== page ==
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Canada. Number of people receiving regular Employment Insurance benefits down

The number of people receiving regular Employment Insurance (EI) benefits in October edged down 0.5% to 809,600.



In the year since October 2008, the number of regular EI beneficiaries increased by 309,300, or 61.8%.

During this 12-month period, the number rose in every province and territory. The largest gains occurred in Ontario (+122,200), Alberta (+56,400), British Columbia (+52,500) and Quebec (+49,200).

The number of regular EI beneficiaries peaked in June at 829,300. Since then, it has declined slightly. This is in contrast with the trend from October 2008 to June 2009, when monthly increases averaged 41,100 people.

The change in the number of regular EI beneficiaries is the reflection of various situations, including people becoming beneficiaries, and people leaving the EI system, either to go back to work or because they have exhausted their weeks of benefits.

The number of initial and renewal claims received in October amounted to 270,300, down by 7,000 or 2.5%, with the largest drop in Ontario. The number of EI claims received has been on a downward trend since the most recent peak in May 2009.

Compared with October 2008, the number of people receiving regular EI benefits was higher in all census metropolitan areas (see map). The number of beneficiaries more than doubled in every metropolitan area in Alberta and British Columbia, as well as in Greater Sudbury, Hamilton and Saskatoon.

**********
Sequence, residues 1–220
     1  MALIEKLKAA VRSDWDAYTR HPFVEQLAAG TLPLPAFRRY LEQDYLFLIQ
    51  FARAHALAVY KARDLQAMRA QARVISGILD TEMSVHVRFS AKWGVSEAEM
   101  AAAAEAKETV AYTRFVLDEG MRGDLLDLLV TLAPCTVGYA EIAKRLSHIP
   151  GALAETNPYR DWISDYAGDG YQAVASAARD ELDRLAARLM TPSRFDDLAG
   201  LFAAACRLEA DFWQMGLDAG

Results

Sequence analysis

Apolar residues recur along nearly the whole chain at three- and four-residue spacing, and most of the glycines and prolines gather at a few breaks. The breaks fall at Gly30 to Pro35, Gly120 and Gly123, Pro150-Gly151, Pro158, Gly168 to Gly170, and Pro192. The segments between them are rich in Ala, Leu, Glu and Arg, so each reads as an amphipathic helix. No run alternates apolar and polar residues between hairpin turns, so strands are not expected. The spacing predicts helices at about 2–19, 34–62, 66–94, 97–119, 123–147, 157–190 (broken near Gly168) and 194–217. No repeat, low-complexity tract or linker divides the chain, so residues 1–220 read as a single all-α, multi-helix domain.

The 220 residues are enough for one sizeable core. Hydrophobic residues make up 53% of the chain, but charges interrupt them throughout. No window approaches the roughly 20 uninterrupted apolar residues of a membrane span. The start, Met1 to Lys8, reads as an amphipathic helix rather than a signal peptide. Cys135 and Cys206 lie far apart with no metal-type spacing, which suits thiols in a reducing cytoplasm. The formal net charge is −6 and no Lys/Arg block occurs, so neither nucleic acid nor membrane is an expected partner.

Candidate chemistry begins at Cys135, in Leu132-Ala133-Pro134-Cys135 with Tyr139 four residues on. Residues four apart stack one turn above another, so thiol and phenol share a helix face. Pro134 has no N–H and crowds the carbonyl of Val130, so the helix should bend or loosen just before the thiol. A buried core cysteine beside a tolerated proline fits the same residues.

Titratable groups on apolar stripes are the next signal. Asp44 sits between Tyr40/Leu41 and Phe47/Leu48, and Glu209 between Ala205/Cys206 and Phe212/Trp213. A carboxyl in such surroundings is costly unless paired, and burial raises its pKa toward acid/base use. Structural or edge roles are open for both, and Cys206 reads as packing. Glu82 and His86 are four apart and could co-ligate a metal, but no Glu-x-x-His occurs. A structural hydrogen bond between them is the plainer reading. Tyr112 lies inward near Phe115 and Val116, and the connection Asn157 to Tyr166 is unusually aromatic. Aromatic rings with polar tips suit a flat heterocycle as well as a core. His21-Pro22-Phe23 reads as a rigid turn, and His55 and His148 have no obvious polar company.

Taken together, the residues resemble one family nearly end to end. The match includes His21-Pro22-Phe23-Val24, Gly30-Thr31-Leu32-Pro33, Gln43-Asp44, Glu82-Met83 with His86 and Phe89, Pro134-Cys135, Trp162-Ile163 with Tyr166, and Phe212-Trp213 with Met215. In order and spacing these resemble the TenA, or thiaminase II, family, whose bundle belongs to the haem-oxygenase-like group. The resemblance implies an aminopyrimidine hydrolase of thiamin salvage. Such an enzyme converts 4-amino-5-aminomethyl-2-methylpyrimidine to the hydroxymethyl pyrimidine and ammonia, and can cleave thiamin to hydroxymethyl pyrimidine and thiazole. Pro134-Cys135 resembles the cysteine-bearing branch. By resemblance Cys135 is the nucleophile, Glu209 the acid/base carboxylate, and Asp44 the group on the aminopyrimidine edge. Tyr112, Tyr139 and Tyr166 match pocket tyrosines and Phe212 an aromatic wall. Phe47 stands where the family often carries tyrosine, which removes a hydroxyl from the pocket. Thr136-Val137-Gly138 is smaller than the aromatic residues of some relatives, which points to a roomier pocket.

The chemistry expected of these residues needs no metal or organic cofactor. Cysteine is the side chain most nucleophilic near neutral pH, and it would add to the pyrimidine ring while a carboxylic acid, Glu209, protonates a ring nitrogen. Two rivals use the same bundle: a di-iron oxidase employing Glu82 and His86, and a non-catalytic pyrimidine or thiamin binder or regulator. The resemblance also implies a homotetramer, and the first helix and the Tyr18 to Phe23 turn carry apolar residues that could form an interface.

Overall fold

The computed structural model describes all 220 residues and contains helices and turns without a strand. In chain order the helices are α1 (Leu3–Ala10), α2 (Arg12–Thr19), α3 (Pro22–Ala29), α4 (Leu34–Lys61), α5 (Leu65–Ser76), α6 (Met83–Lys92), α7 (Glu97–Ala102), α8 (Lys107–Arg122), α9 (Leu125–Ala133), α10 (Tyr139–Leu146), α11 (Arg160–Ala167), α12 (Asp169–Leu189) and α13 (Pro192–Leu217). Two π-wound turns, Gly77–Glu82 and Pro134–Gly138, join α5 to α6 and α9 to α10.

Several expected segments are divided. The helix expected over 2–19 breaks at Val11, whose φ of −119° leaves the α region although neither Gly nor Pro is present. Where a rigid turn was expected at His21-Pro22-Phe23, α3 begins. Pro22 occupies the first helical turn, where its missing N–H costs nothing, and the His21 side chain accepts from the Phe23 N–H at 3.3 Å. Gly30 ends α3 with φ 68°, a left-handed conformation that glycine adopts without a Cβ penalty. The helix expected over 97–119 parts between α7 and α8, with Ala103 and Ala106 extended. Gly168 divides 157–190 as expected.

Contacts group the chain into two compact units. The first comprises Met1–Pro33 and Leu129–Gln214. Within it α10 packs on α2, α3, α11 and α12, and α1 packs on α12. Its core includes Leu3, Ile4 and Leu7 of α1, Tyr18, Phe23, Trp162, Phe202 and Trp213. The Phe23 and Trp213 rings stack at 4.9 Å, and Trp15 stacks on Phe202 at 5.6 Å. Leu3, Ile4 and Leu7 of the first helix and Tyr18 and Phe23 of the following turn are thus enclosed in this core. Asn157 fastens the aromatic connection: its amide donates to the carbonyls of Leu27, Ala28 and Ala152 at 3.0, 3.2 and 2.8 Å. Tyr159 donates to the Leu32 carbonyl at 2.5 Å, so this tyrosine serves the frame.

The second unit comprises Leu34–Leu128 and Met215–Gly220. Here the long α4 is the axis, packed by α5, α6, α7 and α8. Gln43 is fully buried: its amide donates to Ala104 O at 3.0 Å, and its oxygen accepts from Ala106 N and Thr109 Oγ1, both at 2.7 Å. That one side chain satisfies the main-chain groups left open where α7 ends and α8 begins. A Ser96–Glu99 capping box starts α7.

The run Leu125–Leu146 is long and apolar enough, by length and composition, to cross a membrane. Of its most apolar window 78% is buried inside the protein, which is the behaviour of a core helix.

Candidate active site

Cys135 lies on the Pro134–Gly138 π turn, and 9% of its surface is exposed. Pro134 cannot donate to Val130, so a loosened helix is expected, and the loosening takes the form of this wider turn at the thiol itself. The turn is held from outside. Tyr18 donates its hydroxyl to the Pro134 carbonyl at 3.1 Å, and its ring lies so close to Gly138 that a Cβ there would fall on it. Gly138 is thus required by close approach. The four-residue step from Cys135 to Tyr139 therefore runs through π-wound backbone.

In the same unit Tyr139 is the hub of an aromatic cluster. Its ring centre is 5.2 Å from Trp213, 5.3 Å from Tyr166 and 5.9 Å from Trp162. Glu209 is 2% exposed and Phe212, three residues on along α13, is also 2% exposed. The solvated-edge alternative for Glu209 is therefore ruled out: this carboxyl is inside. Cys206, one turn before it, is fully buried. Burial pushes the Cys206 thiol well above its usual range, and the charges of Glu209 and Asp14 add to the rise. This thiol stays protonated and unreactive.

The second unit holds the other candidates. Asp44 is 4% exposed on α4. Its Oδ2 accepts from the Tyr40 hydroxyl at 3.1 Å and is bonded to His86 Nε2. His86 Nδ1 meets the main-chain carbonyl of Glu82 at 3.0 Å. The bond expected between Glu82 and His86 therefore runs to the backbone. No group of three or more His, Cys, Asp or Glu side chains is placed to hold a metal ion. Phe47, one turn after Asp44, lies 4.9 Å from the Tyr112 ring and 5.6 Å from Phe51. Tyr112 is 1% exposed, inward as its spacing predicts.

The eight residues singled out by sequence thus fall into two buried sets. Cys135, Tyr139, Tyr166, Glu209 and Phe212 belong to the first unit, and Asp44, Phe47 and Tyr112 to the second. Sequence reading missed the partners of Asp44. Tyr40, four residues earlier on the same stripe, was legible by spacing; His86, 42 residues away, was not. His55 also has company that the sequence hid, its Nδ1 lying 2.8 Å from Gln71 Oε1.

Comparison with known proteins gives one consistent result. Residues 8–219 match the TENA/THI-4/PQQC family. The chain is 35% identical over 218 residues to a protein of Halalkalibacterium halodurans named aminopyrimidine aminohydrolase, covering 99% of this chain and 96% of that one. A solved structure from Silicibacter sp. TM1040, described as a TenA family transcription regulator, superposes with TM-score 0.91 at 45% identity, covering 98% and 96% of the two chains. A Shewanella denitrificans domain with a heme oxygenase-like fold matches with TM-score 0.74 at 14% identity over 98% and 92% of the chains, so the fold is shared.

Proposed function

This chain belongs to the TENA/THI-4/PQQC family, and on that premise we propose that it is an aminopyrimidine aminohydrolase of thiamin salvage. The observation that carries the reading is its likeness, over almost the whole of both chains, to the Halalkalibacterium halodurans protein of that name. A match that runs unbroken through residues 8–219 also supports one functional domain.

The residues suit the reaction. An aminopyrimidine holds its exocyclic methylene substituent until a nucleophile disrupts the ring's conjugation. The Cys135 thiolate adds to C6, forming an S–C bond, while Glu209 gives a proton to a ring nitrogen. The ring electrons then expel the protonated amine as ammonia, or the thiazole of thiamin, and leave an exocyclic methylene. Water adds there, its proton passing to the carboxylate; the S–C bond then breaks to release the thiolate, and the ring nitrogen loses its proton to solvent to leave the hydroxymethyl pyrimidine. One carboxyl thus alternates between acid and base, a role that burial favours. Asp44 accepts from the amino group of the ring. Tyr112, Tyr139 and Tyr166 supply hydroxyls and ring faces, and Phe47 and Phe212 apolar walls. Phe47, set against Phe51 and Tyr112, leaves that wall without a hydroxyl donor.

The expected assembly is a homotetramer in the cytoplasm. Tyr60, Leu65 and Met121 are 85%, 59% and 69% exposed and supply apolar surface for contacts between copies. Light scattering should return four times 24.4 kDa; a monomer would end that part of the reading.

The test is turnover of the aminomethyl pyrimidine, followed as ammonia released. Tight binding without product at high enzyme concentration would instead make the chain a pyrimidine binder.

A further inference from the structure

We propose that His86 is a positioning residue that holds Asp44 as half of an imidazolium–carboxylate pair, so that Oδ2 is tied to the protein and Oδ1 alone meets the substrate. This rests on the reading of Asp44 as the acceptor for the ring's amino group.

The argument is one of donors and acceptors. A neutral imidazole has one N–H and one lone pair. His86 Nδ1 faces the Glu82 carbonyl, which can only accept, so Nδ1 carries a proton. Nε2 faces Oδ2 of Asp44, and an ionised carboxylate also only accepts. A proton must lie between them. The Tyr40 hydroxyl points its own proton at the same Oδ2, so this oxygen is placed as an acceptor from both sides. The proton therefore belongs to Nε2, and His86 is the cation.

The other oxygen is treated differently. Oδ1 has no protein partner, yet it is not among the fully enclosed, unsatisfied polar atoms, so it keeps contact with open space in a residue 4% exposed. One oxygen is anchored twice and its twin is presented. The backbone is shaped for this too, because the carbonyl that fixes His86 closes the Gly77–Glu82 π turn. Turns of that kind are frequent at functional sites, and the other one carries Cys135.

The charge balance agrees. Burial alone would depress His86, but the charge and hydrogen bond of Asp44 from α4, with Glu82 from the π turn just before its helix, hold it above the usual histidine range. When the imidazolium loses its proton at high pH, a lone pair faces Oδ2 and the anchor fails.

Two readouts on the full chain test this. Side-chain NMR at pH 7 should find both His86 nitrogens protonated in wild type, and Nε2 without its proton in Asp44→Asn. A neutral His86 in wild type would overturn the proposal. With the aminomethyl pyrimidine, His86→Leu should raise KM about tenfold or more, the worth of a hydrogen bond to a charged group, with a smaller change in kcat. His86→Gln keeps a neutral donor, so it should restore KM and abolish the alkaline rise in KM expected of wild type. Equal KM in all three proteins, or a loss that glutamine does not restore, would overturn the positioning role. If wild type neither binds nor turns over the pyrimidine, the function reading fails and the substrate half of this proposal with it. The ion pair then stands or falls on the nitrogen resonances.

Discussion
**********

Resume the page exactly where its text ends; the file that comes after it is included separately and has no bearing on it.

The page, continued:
Beneficiaries down in half the provinces

In October, the number of regular EI beneficiaries declined in half the provinces, with the largest decline in Quebec.

In Quebec, the number of people on EI was down slightly by 2,200 in October. Compared with June, the number of beneficiaries was lower by 2,500.

In Ontario, the number of EI beneficiaries was up slightly in October (+4,200), but remained down compared with June, as decreases over the summer months were only partly offset by an increase during the fall.

The number of EI beneficiaries was up in Alberta in October (+2,900 or +4.1%), following a substantial increase the month before (+13,700). Since June, the overall increase amounted to 11,800, the largest increase of all provinces over the period.

Although little changed in October, the number of EI beneficiaries in British Columbia was up 3,900 compared with June.

Sub-provincial and demographic overview

Year-over-year increases in EI beneficiaries slows in large centres of Quebec and the Atlantic provinces

Employment Insurance data by sub-provincial region, sex and age are not seasonally adjusted. Therefore, they are compared on a year-over-year basis.

All large centres in Quebec and the Atlantic provinces have shown smaller year-over-year increases in regular EI use. In Quebec, there was a notable change in Sherbrooke, with a much slower year-over-year increase in October (+33.7%) than in June.